S6037 Selected Issues in Terrorism and Counterterrorism
Terrorism was not introduced to the world on 11 September 2001. But the attacks on that day marked a change in the nature of terrorism and influenced our response to that. In fact terrorism being perpetrated by Al Qaeda and the broader the jihadist movement has expanded the scale and the scope of the use of violence to settle political, social or civilizational disputes. This is manifested on many fronts – motives and objectives, organization and resources and tactics and targets.

The course offers an understanding of threat from new terrorism in its various manifestations. It examines the organization and objectives of the new terrorism and analyzes the impact of organizational decline and emergence of micro-actors like home-grown, do-it-yourself terrorists. The course focuses on the changing motivation, tactics and targets of new terrorism and analyzes how terrorists’ exploit instruments of globalization and modernity for propaganda, recruitment, funding and other logistical purposes. It also offers insights into specific aspects of the tactical innovation and changing pattern of targeting that have significant bearing on counterterrorism policies and practices.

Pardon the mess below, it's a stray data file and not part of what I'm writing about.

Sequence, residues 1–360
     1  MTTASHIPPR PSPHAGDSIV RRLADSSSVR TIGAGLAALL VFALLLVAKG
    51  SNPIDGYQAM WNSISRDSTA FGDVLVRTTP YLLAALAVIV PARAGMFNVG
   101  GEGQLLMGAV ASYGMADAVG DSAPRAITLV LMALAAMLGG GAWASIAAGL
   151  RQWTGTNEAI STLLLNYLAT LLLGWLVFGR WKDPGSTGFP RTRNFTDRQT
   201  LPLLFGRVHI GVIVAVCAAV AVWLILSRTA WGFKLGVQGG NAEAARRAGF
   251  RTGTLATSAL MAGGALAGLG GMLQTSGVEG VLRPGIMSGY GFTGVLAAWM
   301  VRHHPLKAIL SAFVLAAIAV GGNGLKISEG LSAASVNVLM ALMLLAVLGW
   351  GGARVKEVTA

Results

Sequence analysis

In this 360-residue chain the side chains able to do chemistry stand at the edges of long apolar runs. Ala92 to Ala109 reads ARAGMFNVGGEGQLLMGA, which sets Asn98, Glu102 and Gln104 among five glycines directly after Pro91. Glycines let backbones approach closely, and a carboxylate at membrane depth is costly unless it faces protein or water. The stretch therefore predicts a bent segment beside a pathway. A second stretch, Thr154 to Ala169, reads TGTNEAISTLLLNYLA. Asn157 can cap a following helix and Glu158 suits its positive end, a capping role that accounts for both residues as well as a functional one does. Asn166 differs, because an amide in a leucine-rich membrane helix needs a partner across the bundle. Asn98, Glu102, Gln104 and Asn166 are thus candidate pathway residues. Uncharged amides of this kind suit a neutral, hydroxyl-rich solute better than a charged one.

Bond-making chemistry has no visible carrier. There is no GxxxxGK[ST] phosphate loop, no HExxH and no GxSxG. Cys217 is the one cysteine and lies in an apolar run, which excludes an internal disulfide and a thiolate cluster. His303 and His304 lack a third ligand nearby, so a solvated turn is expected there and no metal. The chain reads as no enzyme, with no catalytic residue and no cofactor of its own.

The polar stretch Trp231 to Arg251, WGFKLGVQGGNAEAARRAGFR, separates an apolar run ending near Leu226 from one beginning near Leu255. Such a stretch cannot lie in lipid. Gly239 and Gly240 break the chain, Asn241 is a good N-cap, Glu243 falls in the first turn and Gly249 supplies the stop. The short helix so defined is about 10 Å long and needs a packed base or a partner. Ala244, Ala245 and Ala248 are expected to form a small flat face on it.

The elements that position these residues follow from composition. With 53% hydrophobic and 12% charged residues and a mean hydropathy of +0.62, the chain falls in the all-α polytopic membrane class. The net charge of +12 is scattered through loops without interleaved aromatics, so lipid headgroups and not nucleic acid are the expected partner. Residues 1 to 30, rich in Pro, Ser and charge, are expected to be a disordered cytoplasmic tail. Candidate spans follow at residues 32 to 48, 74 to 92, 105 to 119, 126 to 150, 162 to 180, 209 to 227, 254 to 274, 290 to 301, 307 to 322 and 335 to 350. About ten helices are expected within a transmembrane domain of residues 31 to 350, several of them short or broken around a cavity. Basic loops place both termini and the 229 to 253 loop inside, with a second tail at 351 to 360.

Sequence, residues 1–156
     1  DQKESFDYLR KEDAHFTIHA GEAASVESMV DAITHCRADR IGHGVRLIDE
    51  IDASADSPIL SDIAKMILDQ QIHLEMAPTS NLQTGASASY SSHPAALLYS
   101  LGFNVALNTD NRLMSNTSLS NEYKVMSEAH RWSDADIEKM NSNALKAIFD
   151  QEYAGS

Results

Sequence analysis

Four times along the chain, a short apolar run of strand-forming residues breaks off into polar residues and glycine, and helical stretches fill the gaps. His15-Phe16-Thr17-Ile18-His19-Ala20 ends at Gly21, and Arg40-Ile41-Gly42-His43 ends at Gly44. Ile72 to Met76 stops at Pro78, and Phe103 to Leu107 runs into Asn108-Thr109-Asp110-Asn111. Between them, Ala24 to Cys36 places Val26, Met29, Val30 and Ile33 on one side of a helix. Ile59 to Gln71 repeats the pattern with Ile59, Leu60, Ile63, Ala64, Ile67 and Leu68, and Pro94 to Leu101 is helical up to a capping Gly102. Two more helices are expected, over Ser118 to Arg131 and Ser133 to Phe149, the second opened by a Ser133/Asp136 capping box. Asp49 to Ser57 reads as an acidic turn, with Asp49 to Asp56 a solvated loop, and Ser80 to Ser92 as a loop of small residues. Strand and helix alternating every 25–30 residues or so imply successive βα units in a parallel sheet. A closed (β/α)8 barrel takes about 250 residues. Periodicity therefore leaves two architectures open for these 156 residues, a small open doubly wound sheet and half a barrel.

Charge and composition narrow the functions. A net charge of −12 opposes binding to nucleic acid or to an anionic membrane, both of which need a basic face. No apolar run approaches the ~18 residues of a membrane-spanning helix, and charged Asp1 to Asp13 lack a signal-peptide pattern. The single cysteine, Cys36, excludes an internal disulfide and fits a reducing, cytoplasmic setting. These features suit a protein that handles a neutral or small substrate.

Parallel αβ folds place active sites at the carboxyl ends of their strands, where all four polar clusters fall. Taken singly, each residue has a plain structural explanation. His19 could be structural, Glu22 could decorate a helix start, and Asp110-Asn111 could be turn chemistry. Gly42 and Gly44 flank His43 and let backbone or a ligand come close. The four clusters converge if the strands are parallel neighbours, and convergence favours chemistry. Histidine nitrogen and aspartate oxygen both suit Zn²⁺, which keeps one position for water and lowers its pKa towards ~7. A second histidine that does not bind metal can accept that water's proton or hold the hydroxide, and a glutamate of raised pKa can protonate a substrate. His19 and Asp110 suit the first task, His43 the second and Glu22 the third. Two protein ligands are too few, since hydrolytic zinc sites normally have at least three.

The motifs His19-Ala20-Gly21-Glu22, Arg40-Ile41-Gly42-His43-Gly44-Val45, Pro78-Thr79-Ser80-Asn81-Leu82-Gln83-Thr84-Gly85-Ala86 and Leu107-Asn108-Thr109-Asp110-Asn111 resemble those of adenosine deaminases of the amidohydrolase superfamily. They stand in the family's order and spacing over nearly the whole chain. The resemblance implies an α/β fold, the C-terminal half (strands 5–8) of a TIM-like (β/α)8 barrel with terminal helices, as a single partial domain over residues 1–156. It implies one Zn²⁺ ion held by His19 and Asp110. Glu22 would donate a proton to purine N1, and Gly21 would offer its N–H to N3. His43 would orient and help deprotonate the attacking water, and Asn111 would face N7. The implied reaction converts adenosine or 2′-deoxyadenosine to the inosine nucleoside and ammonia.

The course covers conceptual issues in terrorism and political violence and examines how the terrorist threat and some aspects of the response to the same implicate – in terms of nature and scope - violence on a global scale. It also covers issues such as Organization and Objectives; Strategic Communication (including Cyber terrorism); Terrorism and Crime; Terrorist Financing; Threat to Critical Infrastructures – Aviation, Land Transportation, Hospitality Industry and Major Events; Maritime Terrorism and Piracy and CBRN Terrorism.

S6038: Conflicts in the Digital Age: Information and Cyber Warfare
This course offers a birds-eye view on the evolving concepts of information and cyber warfare in a broader context of wars for information, against information, and through information. In doing so, it explores the progressive dynamics of information warfare in&

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For enquiries related to our graduate programmes, please send your email to rsisprogrammes@ntu.edu.sg.